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Matt Hart September 12, 2013 TWEET COMMENTS 0

Should You Inhale - Page 3

Buzz Kills

With the recent exceptions
of Washington and Colorado, marijuana use in other states 
is illegal without a medical marijuana prescription. It goes without saying that anything illegal in the public domain is not allowed during a race.

Typically offering little or no prize money, trail races rarely test for drugs. As the landscape for money in our sport changes, however, so does the likelihood that athletes may be tested. Last season Ultra-Trail du Mont-Blanc and IAU World Championships both drug tested, though neither event found a positive test for marijuana use.

While a 49-year review by the Kaiser Permanente Medical Care Program showed no effect on overall death rates of those who smoke marijuana versus those who don’t, it’s important to note that the impact of marijuana smoking on pulmonary function and respiratory complications has not been systematically assessed. The major concern seems to be a possible risk of cancer, caused by the inhaled carcinogens when marijuana is smoked. Little is known about the true risk, though, because of the drug’s illegal status, and therefore limited study samples.

Dr. Huestis says, “Cannabis smoke contains more carcinogens than tobacco smoke, but people smoke less of it.”

Although tobacco and cannabis smoke have similar chemical properties, their pharmacological activities differ greatly. The limited research, although inconclusive, suggests that cannabis-smoke inhalation does not have the carcinogenic potential of tobacco. It’s thought the THC in marijuana smoke exerts a protective effect against carcinogens; in contrast, nicotine increases carcinogens. A 2005 review of studies by the International Agency for Research on Cancer concluded, “Increased risks of lung or colorectal cancer due to marijuana smoking were not observed.”

Any amount of smoking is correlated with increased respiratory effects, including phlegm, cough and tightness in the chest. Adds Dr. Huestis, “Obviously [smoking marijuana] is not great for your lungs.” Vaporizing and oral ingestion through foods have been shown to decrease those deleterious effects; it’s not yet known if ingesting marijuana this way also negates the bronchodilation benefits.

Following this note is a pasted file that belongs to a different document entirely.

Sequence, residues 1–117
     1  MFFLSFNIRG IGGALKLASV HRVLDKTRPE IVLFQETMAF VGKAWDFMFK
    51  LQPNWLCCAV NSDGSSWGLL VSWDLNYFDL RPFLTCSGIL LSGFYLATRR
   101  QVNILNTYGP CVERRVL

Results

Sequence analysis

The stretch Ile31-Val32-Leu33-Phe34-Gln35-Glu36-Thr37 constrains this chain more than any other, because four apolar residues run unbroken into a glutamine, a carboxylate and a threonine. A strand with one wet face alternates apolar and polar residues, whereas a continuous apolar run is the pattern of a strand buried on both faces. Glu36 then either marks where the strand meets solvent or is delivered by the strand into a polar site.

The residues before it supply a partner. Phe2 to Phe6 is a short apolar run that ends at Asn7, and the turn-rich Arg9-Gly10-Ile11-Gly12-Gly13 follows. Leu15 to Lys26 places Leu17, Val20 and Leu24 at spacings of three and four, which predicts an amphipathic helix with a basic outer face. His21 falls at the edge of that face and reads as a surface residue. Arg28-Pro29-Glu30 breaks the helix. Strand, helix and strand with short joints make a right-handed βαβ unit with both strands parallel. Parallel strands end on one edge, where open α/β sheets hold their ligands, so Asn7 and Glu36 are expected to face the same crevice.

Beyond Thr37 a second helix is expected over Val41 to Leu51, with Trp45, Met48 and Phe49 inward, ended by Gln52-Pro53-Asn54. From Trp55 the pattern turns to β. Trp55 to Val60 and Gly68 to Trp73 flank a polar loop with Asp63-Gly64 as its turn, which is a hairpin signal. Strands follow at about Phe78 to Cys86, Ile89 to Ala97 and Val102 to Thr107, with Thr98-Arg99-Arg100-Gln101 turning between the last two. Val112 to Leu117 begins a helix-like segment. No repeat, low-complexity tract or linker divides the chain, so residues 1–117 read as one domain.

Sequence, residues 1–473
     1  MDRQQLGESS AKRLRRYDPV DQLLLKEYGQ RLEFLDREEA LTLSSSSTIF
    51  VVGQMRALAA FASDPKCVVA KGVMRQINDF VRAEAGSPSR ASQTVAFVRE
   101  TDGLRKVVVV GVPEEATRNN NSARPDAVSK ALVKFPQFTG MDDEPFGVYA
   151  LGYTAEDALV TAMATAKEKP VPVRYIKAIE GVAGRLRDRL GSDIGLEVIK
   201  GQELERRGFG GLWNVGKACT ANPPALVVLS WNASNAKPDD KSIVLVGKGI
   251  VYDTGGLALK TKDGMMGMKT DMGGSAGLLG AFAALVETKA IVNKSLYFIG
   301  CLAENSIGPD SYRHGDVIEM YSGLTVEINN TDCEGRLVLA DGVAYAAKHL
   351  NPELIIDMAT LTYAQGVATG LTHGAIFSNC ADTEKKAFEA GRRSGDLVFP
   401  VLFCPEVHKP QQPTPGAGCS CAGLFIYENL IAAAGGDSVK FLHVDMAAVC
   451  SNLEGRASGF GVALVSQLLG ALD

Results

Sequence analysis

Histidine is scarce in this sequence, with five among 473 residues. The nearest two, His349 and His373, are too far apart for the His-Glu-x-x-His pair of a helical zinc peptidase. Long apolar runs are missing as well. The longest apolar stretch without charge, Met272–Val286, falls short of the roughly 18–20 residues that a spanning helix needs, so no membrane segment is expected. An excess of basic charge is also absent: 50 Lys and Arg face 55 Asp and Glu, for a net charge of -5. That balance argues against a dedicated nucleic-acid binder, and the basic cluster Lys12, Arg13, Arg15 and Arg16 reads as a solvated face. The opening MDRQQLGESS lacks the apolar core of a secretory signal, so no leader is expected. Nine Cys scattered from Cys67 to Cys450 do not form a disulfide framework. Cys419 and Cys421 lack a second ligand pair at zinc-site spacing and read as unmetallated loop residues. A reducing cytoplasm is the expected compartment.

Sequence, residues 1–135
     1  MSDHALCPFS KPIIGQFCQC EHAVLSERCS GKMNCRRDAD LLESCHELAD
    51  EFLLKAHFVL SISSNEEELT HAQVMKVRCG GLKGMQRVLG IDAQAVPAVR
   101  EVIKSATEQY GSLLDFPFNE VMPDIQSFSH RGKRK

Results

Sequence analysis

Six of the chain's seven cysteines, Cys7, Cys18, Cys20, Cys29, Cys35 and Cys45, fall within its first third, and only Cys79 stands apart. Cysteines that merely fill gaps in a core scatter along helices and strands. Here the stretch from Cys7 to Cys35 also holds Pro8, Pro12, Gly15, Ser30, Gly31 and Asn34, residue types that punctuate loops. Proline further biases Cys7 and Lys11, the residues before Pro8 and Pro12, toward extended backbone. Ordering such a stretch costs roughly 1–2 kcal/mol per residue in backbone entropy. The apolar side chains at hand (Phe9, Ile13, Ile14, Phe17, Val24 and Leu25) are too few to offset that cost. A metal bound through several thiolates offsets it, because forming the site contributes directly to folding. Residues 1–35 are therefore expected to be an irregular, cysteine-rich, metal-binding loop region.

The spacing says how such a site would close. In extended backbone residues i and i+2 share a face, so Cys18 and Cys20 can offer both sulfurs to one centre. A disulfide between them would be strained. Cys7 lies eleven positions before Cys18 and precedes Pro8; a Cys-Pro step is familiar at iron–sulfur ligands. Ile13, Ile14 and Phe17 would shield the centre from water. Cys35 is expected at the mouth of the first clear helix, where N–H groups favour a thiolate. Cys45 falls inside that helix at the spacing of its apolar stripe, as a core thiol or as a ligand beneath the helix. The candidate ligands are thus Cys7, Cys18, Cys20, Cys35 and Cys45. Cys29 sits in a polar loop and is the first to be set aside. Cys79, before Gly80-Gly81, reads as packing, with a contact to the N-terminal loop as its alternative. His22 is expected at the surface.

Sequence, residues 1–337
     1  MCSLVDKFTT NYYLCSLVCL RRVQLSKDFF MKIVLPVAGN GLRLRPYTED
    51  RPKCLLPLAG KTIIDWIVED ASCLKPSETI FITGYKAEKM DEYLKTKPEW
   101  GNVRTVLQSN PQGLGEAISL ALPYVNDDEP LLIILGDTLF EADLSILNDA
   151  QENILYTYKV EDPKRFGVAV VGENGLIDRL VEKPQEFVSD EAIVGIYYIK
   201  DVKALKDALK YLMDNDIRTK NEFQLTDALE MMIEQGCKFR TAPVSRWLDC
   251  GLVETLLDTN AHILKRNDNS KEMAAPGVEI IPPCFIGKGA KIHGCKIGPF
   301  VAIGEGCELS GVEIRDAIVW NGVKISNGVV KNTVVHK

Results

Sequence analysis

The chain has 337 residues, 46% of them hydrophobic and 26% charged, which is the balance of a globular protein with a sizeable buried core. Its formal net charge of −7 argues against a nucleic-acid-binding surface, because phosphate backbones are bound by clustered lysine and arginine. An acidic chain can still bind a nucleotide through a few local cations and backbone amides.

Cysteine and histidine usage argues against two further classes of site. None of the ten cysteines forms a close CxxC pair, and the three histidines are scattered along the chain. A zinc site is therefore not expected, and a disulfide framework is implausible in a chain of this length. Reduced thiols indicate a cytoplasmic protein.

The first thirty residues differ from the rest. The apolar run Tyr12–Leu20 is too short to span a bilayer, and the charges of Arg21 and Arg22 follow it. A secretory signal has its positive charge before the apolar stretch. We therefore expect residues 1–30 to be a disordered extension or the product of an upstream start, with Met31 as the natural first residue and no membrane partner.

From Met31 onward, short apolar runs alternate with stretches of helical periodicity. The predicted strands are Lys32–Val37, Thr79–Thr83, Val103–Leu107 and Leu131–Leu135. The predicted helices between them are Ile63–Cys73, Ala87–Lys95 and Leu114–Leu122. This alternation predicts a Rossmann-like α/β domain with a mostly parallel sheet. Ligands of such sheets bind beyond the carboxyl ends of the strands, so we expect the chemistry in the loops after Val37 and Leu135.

For athletes in high-speed sports where reaction time is important, studies have shown marijuana use can impair hand-eye coordination and reduce motor coordination. For trail runners, this could mean an increased likelihood of falls and associated injuries.

A 1986 study from the American College
 of Sports Medicine showed that smoking marijuana decreased total duration at maximal effort, an obvious detriment during a short, hard race, but one that doesn’t seem to affect longer aerobic efforts.

In the end, though, Dr. Huestis says, “We have very few good, controlled studies relating marijuana use with sports.”

 

Pot Opinions: Trail runners comment on marijuana and trail running

Pros

  • “I’m a big advocate of marijuana during long runs. That runner’s high is hit quicker and is often more euphoric.”
  • “Great way to break up a six-hour run while surrounded by nature.”
  • “A quick toke definitely helps you eat when you’re 10-plus hours into an ultra, and definitely helps the nausea.”

Cons

  • “Since I don’t smoke very often, weed makes me sleepy, meaning I never get out the door for my run.”
  • “It isn’t something I will do running. I want the experience to be pure.”
  • “Above 11,000 feet [if I smoke pot], I’ll experience a sudden and uncontrollable hacking cough, making me think, ‘Hmm, what was that?’ Might just be the altitude ...”
  • “Paranoia. I started racing my shadow! It won!”


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